businesses with improving their productivity. One important area for this is around access
       to superfast broadband, where only 60% of businesses in the Black Country currently have
       access, and 7% of all businesses particularly highlighted that they would like access, but that
       availability is currently a barrier.

       Locally Distinctive Economies

2.21   Recent inward investment success, such as those at i54, have highlighted the role that a
       number of other local sectors have to play in securing maximum local economic benefit from
       inward investment partnerships, particularly in the early stages of the inward investment
       process. These are:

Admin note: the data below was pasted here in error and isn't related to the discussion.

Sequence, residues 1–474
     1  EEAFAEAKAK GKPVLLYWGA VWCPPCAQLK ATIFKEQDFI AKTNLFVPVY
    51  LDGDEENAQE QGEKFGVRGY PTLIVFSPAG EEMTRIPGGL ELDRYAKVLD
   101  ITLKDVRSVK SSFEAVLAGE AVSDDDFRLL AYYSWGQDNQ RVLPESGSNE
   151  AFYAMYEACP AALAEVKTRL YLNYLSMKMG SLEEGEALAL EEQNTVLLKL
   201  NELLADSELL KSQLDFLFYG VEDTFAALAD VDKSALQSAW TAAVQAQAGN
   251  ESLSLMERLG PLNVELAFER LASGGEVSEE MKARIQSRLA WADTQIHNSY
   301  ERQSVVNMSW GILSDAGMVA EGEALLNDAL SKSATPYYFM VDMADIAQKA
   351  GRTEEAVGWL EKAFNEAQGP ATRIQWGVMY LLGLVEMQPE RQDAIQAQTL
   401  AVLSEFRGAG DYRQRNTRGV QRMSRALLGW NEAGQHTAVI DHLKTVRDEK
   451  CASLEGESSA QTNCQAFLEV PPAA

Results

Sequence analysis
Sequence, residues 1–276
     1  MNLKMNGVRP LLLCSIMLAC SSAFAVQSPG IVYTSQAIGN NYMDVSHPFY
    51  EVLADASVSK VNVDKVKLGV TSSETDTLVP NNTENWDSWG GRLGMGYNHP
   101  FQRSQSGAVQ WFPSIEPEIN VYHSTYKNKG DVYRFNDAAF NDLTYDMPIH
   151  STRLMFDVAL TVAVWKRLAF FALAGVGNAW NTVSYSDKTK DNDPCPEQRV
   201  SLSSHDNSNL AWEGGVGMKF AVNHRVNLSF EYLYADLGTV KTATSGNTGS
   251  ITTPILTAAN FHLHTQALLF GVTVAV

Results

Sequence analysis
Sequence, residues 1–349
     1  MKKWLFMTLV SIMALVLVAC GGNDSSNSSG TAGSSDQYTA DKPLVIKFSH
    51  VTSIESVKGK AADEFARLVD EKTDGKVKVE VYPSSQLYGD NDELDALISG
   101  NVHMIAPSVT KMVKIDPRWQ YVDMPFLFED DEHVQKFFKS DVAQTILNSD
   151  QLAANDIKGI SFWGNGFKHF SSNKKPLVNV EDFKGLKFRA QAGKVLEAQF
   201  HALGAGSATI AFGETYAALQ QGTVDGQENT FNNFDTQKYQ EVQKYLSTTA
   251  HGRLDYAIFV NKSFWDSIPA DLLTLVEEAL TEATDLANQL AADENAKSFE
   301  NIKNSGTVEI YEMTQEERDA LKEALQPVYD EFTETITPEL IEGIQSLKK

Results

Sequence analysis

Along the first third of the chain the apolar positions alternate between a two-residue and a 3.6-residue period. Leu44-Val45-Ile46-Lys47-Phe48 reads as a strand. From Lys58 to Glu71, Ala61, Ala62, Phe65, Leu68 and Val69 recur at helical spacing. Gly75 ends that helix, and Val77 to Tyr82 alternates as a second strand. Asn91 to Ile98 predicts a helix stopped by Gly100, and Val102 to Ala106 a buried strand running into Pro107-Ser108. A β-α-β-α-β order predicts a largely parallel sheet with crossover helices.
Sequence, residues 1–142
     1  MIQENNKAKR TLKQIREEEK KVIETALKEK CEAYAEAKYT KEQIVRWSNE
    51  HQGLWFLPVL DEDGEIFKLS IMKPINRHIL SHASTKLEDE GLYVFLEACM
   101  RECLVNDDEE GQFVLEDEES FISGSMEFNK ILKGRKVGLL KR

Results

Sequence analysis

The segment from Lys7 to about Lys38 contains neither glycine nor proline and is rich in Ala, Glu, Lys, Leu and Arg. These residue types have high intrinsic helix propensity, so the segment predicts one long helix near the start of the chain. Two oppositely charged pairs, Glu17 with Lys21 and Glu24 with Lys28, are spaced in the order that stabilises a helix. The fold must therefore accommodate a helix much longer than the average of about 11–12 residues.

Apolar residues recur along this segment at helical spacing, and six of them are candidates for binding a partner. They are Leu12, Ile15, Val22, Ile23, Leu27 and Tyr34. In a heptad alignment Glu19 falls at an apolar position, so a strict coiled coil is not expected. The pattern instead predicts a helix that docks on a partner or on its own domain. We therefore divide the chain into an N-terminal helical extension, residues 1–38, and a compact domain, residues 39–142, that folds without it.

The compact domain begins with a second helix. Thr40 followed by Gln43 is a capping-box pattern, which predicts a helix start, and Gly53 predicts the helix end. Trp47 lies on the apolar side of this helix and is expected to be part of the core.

       Creative, cultural, entertainment and business tourism sectors in Wolverhampton,
               particularly around the City Centre and Science Park.

              The visitor economy cluster in Dudley, particularly around the Castle Hill area

2.22   These sectors are also important in helping to secure and retain a skilled workforce within
       the Black Country, as well as being growth sectors in their own right. Investment is required
       to improve the offer in order to secure the growth and new jobs set out in the Black Country
       core strategy. These sectors also lend themselves to new business models, such as social
       enterprise and local consortia.

2.23   Demographic and cultural change will also have an impact on the local economy, which
       could create new opportunities, particularly for co-operatives and local collaborations in the
       following areas:

              Supporting growth and innovation in the food and food technology cluster in
               Sandwell, in response to cultural change and a more ethnically diverse population